As COVID-19 kept many of us home, Boston and nearby cities built out an impressive 35 miles of new bike lanes in 2020 and 2021, according to a news report.
But, while encouraging safety, bike lanes alone cannot prevent cycling accidents. Drivers still have a responsibility to slow down, travel safely in their lane and use extra caution, especially as they get to know the new infrastructure.
Consider that bike lanes must be a minimum of 5 feet wide under state highway standards. In Boston, the city’s transportation department works to build at least 6 feet wide in areas with high bike traffic and 6 to 7 feet in areas with heavy parking turnover. Then factor in parking, traffic and bus lanes and you have more than covered the widest roads.
Finding New Bike Lanes in Boston, Cambridge and Nearby Cities
If you travel into Boston or Cambridge, you will find several miles of new bike lanes, including both conventional and protected bike lanes.
Conventional bike lanes – also called unprotected bike lanes – are flat lanes which create a designated lane for cyclists using paint and signage. Protected bike lanes are designed to add another layer of safety. These are usually more visible and use physical barriers – such as flexiposts or curbing – to separate cyclists from drivers.
During the pandemic, the City of Boston expanded its bike lane network with protected bike lanes on all roads around the Boston Public Garden. The city is now working to connect key stretches of bike lanes, including at the intersection of Beacon and Arlington streets near the west end of the Public Garden.
Beyond Boston and Cambridge, you can take a drive into Medford, Somerville, Newton or Brookline, among other communities, to see new bike lanes built during the pandemic. Somerville and Medford saw significant bike lane development along Route 28 and the Wellington Bridge, with funding from the state’s Shared Streets and Space Program.
Some of the new protected bike lanes are “quick-build” projects. Keep this in mind as you drive. Cities may now experiment and take flexiposts up and down as seasons and traffic volumes change.
How Boston Drivers Can Avoid Bike Lane Accidents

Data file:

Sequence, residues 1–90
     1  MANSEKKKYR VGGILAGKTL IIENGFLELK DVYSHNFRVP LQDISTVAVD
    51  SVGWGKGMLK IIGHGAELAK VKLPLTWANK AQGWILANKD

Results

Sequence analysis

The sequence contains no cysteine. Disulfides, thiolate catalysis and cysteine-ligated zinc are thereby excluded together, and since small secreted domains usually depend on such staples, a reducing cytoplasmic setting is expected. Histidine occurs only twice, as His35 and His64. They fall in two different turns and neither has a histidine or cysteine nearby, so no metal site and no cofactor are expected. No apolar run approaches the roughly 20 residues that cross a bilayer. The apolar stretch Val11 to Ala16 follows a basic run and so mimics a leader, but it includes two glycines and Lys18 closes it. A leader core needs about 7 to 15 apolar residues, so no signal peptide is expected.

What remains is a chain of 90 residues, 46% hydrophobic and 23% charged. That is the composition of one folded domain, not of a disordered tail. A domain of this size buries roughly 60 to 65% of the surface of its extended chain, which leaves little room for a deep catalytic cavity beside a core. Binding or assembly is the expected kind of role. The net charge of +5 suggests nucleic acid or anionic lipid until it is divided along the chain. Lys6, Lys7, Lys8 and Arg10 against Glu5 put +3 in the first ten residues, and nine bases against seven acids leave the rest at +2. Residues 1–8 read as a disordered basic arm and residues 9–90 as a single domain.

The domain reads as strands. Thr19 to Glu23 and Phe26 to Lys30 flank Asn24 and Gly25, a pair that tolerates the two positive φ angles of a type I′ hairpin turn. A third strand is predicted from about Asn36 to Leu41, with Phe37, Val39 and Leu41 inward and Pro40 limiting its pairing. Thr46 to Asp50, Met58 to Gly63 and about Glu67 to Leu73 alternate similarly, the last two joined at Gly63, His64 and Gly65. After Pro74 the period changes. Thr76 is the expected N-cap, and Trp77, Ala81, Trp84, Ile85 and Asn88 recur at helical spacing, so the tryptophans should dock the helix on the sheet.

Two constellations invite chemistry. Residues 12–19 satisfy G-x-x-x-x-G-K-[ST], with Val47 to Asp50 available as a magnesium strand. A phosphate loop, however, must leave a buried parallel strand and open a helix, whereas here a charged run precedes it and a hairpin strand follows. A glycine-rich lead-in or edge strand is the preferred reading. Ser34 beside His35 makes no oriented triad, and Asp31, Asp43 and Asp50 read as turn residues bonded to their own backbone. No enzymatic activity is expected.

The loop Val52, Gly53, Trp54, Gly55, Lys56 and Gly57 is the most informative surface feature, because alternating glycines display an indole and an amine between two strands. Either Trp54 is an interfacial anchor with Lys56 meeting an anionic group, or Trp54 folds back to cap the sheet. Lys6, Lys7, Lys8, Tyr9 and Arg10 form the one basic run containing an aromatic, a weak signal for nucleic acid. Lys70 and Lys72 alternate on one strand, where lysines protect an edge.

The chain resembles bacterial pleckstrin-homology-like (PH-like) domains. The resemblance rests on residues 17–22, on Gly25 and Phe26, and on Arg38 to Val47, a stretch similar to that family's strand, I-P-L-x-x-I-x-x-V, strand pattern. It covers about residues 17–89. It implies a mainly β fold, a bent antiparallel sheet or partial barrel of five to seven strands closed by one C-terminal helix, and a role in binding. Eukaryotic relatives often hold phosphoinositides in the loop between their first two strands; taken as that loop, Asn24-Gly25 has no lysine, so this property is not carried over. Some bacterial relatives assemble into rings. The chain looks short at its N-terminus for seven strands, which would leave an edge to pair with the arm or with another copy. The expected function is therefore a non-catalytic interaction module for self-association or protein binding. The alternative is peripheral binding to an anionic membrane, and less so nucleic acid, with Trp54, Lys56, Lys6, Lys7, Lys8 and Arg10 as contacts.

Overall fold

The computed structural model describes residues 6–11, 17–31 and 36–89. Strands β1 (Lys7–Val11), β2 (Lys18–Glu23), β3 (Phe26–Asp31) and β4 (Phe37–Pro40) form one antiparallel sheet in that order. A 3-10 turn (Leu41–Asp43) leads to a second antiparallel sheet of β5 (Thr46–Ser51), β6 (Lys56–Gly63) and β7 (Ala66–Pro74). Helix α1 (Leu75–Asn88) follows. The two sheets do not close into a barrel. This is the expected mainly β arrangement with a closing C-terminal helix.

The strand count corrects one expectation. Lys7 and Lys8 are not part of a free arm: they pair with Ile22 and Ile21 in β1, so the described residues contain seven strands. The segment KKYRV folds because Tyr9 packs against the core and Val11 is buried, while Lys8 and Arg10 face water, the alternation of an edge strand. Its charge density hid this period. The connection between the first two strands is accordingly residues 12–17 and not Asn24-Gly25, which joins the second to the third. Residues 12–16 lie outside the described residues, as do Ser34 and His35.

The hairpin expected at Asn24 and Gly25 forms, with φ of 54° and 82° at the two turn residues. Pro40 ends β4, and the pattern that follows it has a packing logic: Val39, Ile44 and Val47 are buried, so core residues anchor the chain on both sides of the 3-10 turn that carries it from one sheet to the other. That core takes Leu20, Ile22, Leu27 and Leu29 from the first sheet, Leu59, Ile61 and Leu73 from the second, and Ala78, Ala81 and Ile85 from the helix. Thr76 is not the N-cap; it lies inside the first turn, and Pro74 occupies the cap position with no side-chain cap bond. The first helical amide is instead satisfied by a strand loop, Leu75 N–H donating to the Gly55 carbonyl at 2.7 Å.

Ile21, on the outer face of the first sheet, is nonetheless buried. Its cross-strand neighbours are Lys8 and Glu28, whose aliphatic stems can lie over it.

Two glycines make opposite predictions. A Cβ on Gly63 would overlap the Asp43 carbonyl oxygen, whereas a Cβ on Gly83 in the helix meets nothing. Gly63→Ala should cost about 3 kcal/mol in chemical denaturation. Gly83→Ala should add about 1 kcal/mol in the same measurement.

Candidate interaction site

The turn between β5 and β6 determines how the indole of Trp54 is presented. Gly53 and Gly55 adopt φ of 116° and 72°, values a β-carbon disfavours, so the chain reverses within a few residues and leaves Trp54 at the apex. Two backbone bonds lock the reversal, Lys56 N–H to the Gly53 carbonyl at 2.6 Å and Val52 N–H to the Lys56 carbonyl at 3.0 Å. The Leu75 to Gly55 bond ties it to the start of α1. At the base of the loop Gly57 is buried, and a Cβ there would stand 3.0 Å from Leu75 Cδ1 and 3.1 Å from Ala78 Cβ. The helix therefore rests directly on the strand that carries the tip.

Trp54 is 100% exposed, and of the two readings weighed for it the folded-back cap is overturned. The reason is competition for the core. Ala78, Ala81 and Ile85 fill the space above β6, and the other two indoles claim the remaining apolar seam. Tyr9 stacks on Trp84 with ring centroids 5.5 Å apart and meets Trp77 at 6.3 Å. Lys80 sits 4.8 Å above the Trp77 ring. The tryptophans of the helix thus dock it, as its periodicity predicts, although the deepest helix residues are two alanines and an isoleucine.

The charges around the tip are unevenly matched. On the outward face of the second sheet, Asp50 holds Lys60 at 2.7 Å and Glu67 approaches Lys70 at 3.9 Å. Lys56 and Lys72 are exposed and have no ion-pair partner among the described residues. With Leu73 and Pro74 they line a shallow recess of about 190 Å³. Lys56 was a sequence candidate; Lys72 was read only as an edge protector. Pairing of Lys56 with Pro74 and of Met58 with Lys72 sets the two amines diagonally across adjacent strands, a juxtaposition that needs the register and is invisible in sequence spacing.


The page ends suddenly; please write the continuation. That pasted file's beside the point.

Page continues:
Now more than ever, it is critical to watch because there are more cyclists out. According to state figures, ridership is up more than 25 percent in many Massachusetts communities as we emerge from the pandemic.
Learn Where Cyclists Are Allowed to Ride
When driving, take a good look at the full road. You may initially notice the traffic lanes, intersections and stop signs. Many drivers, however, overlook the bike lanes, if the road even has them.
If you see bike lanes, consider these a guide. A cyclist may ride in the bike lane. But they may also have to move into the roadway at times to position themselves for a left turn or because the bike lane ends.
When the bike lane ends, a cyclist may choose to stay on the right side of the road or they may attempt to move into the traffic lane. Cyclists are allowed to ride up to two abreast in the traffic lane in Massachusetts. Many cyclists try to avoid this approach to avoid backing up traffic. But you will see this and it is important to give cyclists enough space to make safe decisions.
Maintaining a slow and safe speed near cyclists is critical. When you speed, you can easily cross over painted bike lanes or even flexiposts, and you leave yourself less time to respond if cyclists, pedestrians or other drivers make an unexpected move.
Open Car Doors Carefully
Drivers can injure cyclists and pedestrians even after they park. Drivers who open doors without checking, or leave a car door open as they get ready to get out, have caused many dooring accidents and serious injuries to cyclists in the Boston area.
At least 40 states – including Massachusetts – have recognized the danger of dooring and made this a traffic offense, according to the League of American Bicyclists.
The Danger of Parking in Bike Lanes
It is also illegal for drivers to park in bike lanes in Massachusetts under M.G.L. c. 89, § 4D. Drivers have to remember bike lanes are travel lanes for cyclists. If you park in a bike lane and a cyclist is injured as a result, you may be fined by local police, just as you can be if you open a door into a cyclist’s path.